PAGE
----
Dr. Amanda Salas testifies in court on Jan. 22, 2014.
Sumter, SC (WLTX) - The hearing to determine if a 14-year-old executed 70 years ago should get a new trial has completed, but a decision in the case likely won't be made until next month.
Day two of proceedings were held Wednesday in the case of George Stinney Jr. Previous Coverage: Day One of Stinney Hearing
In 1944, Stinney was convicted of killing 11-year-old Betty Binnicker and 7-year-old Mary Emma Thames in the Clarendon County town of Alcolu. He then was executed in the electric chair.
The girls were white, and Stinney was black.
For years, there have been questions if the original trial was fair. Stinney's supporters say the young man was forced to confess, didn't have proper counsel, and wasn't allowed to have his parents around when he was questioned. Many of the records in the case, including the confession, have been lost.
The judge in the hearing, Carmen Mullen, made it clear the proceeding would not to determine if Stinney Jr. was innocent or guilty.
One of the key pieces of evidence used to convict Stinney was a confession he gave to law enforcement. That document no longer exists in any public records.
On Wednesday the court heard from a child psychiatrist who said the confession, no matter what it said, is "not reliable."
Dr. Amanda Salas, a defense witness, said she reviewed what few documents remained from the case and interviewed Stinney family members to make her evaluation.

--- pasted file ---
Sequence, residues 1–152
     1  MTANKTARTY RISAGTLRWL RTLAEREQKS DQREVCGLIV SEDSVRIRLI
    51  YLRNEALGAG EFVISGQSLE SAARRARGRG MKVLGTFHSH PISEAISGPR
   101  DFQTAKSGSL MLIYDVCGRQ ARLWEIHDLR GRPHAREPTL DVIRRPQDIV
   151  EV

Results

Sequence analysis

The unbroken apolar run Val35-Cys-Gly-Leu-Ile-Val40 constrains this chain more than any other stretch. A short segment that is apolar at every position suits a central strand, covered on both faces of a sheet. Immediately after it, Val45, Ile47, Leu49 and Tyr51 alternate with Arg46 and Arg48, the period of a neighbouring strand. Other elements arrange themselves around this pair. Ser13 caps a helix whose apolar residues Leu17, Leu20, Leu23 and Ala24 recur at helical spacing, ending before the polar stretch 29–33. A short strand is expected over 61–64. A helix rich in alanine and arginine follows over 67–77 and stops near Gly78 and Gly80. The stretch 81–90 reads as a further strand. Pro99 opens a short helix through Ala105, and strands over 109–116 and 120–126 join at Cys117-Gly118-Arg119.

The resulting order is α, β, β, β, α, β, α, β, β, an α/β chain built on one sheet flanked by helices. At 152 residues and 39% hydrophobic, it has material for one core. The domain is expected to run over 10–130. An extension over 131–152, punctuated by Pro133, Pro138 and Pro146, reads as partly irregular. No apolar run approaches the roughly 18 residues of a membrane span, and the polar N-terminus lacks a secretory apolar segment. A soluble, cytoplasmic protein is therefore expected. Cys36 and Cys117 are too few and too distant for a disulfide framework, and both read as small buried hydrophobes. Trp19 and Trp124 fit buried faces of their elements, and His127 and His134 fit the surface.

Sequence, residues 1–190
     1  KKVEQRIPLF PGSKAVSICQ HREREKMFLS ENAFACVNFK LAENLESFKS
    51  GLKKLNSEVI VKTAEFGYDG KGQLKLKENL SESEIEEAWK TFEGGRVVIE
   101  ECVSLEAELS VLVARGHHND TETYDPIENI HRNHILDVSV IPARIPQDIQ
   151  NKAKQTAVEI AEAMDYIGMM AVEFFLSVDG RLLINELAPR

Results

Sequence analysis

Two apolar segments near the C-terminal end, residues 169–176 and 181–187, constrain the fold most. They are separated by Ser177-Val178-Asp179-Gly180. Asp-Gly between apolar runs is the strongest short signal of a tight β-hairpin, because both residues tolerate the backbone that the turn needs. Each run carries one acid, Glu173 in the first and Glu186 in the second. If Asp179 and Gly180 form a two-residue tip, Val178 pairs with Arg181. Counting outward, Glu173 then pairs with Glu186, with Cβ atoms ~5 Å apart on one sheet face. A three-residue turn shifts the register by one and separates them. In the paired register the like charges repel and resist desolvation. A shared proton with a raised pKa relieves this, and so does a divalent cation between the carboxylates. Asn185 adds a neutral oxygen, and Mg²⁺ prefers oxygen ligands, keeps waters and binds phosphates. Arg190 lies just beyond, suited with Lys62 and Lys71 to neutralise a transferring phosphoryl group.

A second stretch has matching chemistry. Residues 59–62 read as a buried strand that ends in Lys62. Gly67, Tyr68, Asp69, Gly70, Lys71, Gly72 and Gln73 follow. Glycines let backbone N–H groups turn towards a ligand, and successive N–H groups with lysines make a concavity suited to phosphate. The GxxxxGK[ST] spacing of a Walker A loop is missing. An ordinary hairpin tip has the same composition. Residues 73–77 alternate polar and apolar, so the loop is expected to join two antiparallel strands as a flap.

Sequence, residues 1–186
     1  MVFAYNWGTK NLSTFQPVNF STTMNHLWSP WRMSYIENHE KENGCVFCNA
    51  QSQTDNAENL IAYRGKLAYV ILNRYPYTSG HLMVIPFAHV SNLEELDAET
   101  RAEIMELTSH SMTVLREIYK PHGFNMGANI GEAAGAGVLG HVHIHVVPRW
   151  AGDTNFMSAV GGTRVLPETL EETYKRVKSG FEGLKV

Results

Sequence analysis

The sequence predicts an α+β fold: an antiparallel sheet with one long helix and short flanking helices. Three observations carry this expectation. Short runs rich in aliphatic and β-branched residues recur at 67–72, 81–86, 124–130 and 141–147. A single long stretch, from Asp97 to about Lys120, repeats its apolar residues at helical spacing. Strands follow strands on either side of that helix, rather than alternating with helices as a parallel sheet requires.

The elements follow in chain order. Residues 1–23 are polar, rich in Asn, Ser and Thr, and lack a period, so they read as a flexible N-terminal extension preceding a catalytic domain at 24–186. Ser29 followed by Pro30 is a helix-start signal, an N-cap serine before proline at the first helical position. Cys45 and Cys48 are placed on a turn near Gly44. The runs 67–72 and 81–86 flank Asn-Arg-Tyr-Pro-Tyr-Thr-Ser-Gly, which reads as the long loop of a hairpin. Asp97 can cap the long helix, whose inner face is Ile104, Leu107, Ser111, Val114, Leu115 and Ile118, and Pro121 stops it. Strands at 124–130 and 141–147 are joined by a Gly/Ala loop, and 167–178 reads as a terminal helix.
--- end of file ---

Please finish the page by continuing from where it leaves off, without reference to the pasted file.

Salas testified that Stinney was likely suggestible to the white prosecutors and law enforcement who were there for his confession. She also said Stinney grew up in a culture and in a family that encouraged strict compliance to whites, which may have caused Stinney to "cave" when questioned by the adults.
"The confession...is best characterized as a coerced, compliant, false confession," Salas said.
Third District Solicitor Chip Finney, who's argued against a new trial, asked Salas why she did not consult media reports about the case over the years, school records on Finney, or interview family members of the two victims in the case.
The court also heard testimony from Frankie Dyches, the niece of Binnicker. She said she thinks the verdict rendered seven decades ago was fair and needs to be left "as is."
After testimony and arguments, the judge said she'd give both sides 10 days to file briefs. It's not clear how long after that point it might take for a decision to be made.